Ryan K. Hunter Ryan K. Hunter Ryan K. Hunter

On Generating Images

A brief walking tour of guided image generation.

A photo of my office (before AI intervention).

This article isn't meant to be a guide of any sort, and sure won't teach you how to use Stable Diffusion (or any image generation AI) from scratch. See the Guides page for that kind of stuff. This is just a general, breezy tour for the uninitiated to get an idea of what it's really like to use AI to generate visual assets / art (I'm not getting into that philosophical debate, either). Now, let's jump in.

Why bother with AI image generation?

One of the things I hate most about making a website is finding images to put on it relevant to whatever I'm writing about. Browsing stock photo sites just bores me, and fills me with that dreaded feeling of "How many other schmucks are using this same image? Yeah, that's original."

So naturally, when AI image generation first started making the rounds, I was interested. I tried throwing some prompts at OpenAI's DALL-E image generation system, and was profoundly disappointed. It was beyond difficult to generate something original or interesting. Which makes sense, as AI are only trained on what they've been exposed to. Plus, I feel pretty comfortable saying DALL-E is the inferior model on the market at this point.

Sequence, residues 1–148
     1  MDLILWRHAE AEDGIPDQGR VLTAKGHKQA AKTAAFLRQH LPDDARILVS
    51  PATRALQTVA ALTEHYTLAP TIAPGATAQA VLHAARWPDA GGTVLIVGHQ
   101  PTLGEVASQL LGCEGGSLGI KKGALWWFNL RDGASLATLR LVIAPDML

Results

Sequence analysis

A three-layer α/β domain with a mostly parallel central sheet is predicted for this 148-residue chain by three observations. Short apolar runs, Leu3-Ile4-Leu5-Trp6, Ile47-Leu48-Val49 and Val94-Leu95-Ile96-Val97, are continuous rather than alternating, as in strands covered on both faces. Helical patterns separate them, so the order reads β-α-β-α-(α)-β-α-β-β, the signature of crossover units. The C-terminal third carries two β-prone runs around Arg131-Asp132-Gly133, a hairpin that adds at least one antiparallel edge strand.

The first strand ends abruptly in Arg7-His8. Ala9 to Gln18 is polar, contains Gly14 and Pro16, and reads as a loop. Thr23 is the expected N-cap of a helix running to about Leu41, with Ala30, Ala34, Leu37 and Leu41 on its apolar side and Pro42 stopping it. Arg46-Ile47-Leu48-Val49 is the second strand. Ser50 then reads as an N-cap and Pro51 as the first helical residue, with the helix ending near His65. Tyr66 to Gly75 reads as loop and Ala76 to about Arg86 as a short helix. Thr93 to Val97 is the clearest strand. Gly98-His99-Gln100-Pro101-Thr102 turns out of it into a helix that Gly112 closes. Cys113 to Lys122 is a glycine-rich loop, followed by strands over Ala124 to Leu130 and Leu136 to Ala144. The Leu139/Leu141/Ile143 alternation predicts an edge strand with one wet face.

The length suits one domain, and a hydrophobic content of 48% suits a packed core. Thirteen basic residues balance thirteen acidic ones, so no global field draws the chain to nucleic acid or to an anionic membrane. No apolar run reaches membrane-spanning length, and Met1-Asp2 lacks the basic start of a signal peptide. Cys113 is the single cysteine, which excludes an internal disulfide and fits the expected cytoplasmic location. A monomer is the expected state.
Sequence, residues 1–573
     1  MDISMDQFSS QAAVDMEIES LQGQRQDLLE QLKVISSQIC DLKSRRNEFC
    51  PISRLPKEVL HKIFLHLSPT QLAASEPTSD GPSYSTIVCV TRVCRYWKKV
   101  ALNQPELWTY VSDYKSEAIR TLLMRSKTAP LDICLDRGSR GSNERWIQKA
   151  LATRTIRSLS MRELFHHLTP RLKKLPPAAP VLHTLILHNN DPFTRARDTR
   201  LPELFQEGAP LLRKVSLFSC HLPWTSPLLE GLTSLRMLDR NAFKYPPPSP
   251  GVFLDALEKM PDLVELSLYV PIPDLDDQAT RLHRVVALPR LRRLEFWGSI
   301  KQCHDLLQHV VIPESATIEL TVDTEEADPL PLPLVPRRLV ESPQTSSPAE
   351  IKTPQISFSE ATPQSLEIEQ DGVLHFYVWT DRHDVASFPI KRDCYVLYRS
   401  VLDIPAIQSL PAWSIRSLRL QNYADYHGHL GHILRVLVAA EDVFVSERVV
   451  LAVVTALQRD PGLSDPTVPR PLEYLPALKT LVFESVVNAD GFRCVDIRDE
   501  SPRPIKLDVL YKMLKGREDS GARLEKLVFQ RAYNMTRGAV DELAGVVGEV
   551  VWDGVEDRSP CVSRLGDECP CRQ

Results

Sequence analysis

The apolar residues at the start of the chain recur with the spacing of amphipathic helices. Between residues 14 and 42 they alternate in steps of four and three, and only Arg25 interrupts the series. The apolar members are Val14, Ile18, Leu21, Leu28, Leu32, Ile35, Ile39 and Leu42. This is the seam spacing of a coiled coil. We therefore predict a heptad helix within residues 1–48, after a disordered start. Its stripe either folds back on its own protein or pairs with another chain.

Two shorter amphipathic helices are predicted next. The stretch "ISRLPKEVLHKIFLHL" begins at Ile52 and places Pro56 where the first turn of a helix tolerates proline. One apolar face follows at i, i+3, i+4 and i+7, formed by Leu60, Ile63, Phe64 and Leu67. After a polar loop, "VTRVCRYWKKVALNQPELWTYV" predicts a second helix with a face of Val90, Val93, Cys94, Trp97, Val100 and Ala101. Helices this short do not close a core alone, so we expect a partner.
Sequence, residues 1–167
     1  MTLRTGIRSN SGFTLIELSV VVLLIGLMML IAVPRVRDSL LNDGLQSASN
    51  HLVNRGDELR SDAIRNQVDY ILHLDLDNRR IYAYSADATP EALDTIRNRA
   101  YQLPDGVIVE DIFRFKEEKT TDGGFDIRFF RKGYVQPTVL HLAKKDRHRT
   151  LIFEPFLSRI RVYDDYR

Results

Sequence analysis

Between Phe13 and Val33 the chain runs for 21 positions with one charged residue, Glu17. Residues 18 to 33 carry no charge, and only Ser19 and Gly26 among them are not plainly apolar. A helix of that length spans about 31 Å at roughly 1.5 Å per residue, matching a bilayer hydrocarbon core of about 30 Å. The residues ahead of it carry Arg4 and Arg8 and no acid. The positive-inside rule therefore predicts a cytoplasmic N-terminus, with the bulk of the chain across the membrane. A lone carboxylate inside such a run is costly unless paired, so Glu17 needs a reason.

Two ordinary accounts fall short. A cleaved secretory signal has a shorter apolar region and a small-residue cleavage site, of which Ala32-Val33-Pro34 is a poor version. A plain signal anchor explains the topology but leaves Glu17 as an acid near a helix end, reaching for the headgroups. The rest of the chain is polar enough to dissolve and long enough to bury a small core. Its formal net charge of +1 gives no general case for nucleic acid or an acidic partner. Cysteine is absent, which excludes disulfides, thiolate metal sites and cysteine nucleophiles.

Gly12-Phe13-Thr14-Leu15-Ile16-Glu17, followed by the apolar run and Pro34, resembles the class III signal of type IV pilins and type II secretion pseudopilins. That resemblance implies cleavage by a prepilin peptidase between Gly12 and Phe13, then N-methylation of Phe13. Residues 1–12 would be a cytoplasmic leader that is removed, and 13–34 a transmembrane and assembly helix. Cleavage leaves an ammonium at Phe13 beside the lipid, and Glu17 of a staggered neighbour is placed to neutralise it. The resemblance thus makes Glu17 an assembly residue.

Then I heard about ControlNet. A fancy suite of tools that allows you to guide the image generation process when using Stable Diffusion AI models, allowing you to utilize an image generation AI to apply a new style or some final touches, but you are given far more control over subject matter, poses, and the like.

My initial attempts were met with sadness, failure, frustration, and a sudden-onset case of tourettes (I have the same reaction to networking hardware). I didn't even bother saving the attempts, they were so useless. "But Ryan," I hear you say, "aren't you some kind of computer graphics programmer?" The answer is yes, but not computer vision. That's a very different subfield of Computer Science, though there is some mild overlap. So I shelved it for a few months.